The race promoters really do an excellent job of putting this event together, I was blown away when they brought us a first-aid kit with the race logo on it as well as really cool shirts, a calendar, a race program, an embroidered hat, and all kinds of goodies. I have to say the thing that made me most impressed were the giant checks they handed out to the winners, I've always wanted to stand on the podium and hold a giant poster board check over my head, it seems like the perfect mantle piece. Sweet! We also handed out a few NiteRider systems to the winners, although Shannon did fine with it, he sure did make an ugly podium girl. All in all it was an awesome race with incredibly good people all weekend. I tried to get some cool night shots of the riders passing by me on the trail but man, they go a lot faster with those engines. All of my shots look like I was snapping them of a ghost or a UFO or something. Here's the best I could do...




Well now I'm off to West Virginia for the Granny Gear Productions 24 Hours of Big Bear. It should be a big one. Over and out.

4 comments:

Ed said...

Collin -

I look forward to and enjoy the vivid descriptions of your travels - but the dremel tool incident - ick - hope you have recovered.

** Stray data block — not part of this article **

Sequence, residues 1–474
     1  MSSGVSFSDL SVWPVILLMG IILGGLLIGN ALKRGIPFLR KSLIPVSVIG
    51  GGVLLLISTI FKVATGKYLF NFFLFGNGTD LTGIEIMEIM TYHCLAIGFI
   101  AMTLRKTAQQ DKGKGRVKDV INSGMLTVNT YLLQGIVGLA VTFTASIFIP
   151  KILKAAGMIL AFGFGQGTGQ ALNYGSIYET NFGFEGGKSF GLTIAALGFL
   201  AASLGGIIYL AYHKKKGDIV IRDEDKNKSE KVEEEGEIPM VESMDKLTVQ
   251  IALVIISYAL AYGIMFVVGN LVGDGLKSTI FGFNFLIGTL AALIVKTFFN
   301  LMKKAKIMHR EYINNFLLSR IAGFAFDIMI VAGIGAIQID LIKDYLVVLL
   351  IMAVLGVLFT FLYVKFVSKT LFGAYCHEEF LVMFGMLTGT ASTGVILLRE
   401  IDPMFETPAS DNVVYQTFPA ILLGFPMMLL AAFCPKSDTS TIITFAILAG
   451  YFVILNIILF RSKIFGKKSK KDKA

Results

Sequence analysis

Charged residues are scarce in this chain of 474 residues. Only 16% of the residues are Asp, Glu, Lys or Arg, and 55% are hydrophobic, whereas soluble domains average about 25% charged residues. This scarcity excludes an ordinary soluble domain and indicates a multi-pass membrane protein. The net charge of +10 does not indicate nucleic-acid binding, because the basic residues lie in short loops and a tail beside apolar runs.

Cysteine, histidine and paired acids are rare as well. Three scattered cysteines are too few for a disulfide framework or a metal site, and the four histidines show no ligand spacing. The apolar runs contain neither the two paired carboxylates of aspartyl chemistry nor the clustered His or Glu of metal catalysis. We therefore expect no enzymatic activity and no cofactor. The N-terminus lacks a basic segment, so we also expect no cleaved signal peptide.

The 2008 product catalog was mailed today and all is busy back at the San Diego head shed - the count down for shipping new products is on.

Continued exciting but safe travels.

Ed.

Gogo said...

I too look forward to the epilogs. Hope the trail to West Virginia was safe and uneventful. Too bad about the finger – hope it doesn’t cut into the riding.

Matthew said...

You know...coffee is a much better alternative to keeping yourself awake than a Dremel tool....

Keep up the good work. Hope you enjoy WV.

-Matty

PS - I love the Black Keys!

gwadzilla said...

thanks for being there...

I did not need any assistance
but you were there

my NiteRider lights were all charged and in working order

there was no need for the last minute helmet mount or cable extender

I had it all
but
you guys were there

you helped out a team mate of mine
which helps me out


so thanks